Energy Resources and Conversion Technologies for the 21st Century

  • Ken Gregory
  • Hans-Holger Rogner

DOI: 10.1023/A:1009674820623

Cite this article as:
Gregory, K. & Rogner, HH. Mitigation and Adaptation Strategies for Global Change (1998) 3: 171. doi:10.1023/A:1009674820623


A variety of energy sources will compete to provide the energy services that humans will require over the next 100 years. The balance of these sources will depend upon the availability of fossil fuels and the development of new technologies including renewable energy technologies, and will be one of the keys in projecting greenhouse gas emissions. There is uncertainty about each of the energy sources. With oil, for example, there are two alternate views of future reserves, one that reserves are geologically limited and that supplies will decline within a decade or two, the other that there are enormous quantities of hydrocarbon in the earth’s crust and that reserves are a function of developing technology and price. With solar voltaics, as a second example, there is optimism that the technology will become increasingly competitive, but there is uncertainty about the rate at which costs can come down and about ultimate cost levels. This paper reviews the reserves of fossil fuels and the prospects for nuclear power and the renewables. It also reviews the main energy conversion technologies that are available now or are expected to become increasingly available through time. However, it should be noted that, over a time horizon of 100 years, there may be quite radical changes in both production and conversion technologies that cannot be predicted and it is quite possible for some as yet unheard of technology to be developed and to transform the markets. The paper has been written to aid the development of new scenarios for the emission of greenhouse gases for the Intergovernmental Panel on Climate Change.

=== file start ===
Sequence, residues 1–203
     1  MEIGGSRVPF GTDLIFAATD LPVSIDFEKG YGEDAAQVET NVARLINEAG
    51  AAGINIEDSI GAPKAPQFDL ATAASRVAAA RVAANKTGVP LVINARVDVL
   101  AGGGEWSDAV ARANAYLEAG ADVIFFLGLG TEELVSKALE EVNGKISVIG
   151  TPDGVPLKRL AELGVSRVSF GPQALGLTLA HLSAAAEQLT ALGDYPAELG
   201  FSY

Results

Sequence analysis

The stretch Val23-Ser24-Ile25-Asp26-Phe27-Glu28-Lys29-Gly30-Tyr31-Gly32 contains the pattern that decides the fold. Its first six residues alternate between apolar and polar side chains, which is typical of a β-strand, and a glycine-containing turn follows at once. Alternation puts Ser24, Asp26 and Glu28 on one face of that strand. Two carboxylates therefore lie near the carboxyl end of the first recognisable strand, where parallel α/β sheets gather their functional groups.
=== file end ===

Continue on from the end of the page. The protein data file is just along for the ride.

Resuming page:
climate change emission scenarios energy resources fossil fuels nuclear power renewables energy conversion technologies fuel cells 

Copyright information

© Kluwer Academic Publishers 1998

Authors and Affiliations

  • Ken Gregory
    • 1
  • Hans-Holger Rogner
    • 2
  1. 1.Centre for Business and the EnvironmentPinner, MiddlesexUK
  2. 2.International Atomic Energy AgencyViennaAustria

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